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Invest Style

A complex product for playing or hedging currencies

For high-net worth investors only

A complex product for playing or hedging currencies


Globe Investor Magazine Online, April 29, 2009

If your portfolio holds cash that's earning next to nothing at today's microscopic interest rates, you might be tempted by the 4- to 10-per-cent interest rates offered by the Double Currency Units, or DOCU, family of structured products.

They are distributed in Canada by UBS Bank (Canada), a subsidiary of Swiss financial conglomerate UBS AG.

"Growth has been exponential since the DOCU family was introduced in 2000," said Susanne Alexandor, an investment specialist at UBS Bank (Canada). "UBS and its international subsidiaries now place approximately two thousand DOCU products a day with clients worldwide." But DOCUs are not for everybody. They are sold only to accredited investors and require a minimum investment of $250,000. UBS Bank (Canada) raises the bar further: their account minimum is $2-million.

UBS financial advisers tailor DOCUs to the needs of individual clients. Maturities of up to 12 months are available (interest rates are quoted on a per-annum basis). Other options can be selected as well. See the sidebar for more product information.

Here is how they work. Standard DOCUs combine the purchase of money-market investments with the sale of currency call options. Their higher returns result from adding the income received from the call options to the income earned from the money-market investment.

Got your thinking cap on? Let's explain how they work in a little more detail with an example. Following the explanation, the risks are summarized.

Assume a hypothetical investor selects a standard DOCU: i) with a maturity of one month, ii) denominated in Canadian dollars, and iii) paying 5 per cent on a per-annum basis. The embedded currency call option is based on the Canadian-U.S. dollar exchange rate. The amount invested is $1-million.

At time of purchase, the spot exchange rate is $1.26 (Canadian) per one U.S. dollar. The DOCU investor believes the exchange rate will not close below $1.2375 (Canadian) when the DOCU matures, so they fix this as the strike price on the call option. On expiration date, there would be two possible outcomes.

1. If the exchange rate closes above the strike price of the call option, the DOCU investor will receive capital invested plus a per-annum return of 5 per cent (0.4166 per cent for the month). This works out to $1,004,167 (Canadian), or in other words a profit of $4,167.

2. If the exchange rate closes at or below the strike price of the option, the DOCU investor will receive capital invested plus earnings in U.S. dollars, converted at $1.2375 (Canadian) strike price. This works out to $811,366 (U.S.).

Many investors do not mind receiving the second currency (U.S. dollars in the above example) because they have a need for it. They may be planning to visit or live in the country of the second currency, or otherwise are receptive to diversifying their wealth across different currencies.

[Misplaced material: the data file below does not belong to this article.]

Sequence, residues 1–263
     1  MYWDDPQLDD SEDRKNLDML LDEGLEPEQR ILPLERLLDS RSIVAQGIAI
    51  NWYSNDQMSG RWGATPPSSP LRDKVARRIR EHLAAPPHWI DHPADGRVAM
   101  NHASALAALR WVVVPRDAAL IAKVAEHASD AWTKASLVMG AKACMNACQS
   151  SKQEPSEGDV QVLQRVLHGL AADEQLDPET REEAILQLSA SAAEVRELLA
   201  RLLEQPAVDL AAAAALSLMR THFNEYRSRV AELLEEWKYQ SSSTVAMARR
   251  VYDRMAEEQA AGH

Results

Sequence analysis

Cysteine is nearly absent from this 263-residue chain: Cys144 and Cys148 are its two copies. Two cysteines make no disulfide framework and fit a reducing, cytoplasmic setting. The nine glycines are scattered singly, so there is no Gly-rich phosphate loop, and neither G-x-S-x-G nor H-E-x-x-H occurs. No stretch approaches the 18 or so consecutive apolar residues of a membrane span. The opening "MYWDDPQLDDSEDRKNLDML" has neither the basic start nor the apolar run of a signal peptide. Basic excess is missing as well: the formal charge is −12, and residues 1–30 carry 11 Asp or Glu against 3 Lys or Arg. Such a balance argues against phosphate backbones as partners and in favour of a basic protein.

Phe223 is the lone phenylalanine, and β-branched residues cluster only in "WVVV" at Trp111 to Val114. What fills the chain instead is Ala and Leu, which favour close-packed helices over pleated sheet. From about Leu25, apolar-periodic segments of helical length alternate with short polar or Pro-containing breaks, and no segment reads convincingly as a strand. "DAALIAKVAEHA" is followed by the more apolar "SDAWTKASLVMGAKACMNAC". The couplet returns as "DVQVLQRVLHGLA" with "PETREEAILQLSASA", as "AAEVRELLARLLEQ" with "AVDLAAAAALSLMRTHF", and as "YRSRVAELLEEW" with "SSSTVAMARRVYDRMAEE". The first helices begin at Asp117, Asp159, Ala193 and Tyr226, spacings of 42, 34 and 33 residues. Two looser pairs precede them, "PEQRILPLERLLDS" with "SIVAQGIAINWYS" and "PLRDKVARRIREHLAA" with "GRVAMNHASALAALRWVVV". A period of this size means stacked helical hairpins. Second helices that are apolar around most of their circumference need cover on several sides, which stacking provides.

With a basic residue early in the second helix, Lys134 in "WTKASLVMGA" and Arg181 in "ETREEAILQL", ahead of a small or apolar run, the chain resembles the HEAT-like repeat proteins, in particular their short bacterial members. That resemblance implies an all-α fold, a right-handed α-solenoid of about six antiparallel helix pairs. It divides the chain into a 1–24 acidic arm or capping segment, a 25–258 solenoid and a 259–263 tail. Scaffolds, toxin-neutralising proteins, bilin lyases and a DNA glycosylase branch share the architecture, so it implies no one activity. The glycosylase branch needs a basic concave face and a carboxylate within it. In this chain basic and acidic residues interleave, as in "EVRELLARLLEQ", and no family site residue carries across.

Investors with no need for the second currency may not want to buy a standard DOCU if they believe there is a chance they could end up with the second currency. In the event it is received, converting it back to the DOCU currency reduces returns because it now buys fewer units. Indeed, the return could be negative.

In the example above, let's say the exchange rate closes at $1.2222 (Canadian) when the DOCU matures. The holder receives $811,366 (U.S.) and converts it back at $1.2222 to get $991,891 (Canadian). This amount is obviously less than the original $1-million invested, so there has been a loss.

What are the risks? As noted above, the investor does not know the currency of payment and could experience a capital loss depending on currency preferences and movements. In addition, DOCUs are issued as the unsecured debt of UBS and therefore come with credit risk. UBS's long-term credit is currently rated A+ (Fitch), Aa2 (Moody's) and A+ (Standard & Poor's).

Presumably, accredited investors with investment accounts of $2-million or more are sophisticated enough to understand complex structured products. Still, several financial advisers expressed concern that some investors may not fully understand what they are buying.

"This is one complicated product," remarked Warren MacKenzie, president of Second Opinion Investor Services. "I've studied options but I do not claim to understand how to price the risks in this product."

Preet Banerjee, senior vice-president with Pro-Financial Asset Management, shares this view. "I'm worried that these products will be pitched to investors who do not understand them," he said.

Another point raised is that there is no liquidity. DOCUs have to be held to maturity; they can't be sold or bought midway through their term. "There is no secondary market for these securities," noted Mr. Banerjee.

Richard Croft, president of R.N. Croft Financial Group Inc., wonders "whether the return compensates adequately for the risk." Investors are being asked to take on currency risk in exchange for an annual return between 4 and 10 per cent.

According to his calculations, an investor can earn substantially more from a "homemade DOCU" constructed by purchasing a bank guaranteed investment certificate and selling currency call options trading on the Philadelphia Stock Exchange. That's because the premiums received on publicly traded call options are higher than the premiums on the over-the-counter call options embedded in the DOCU product.

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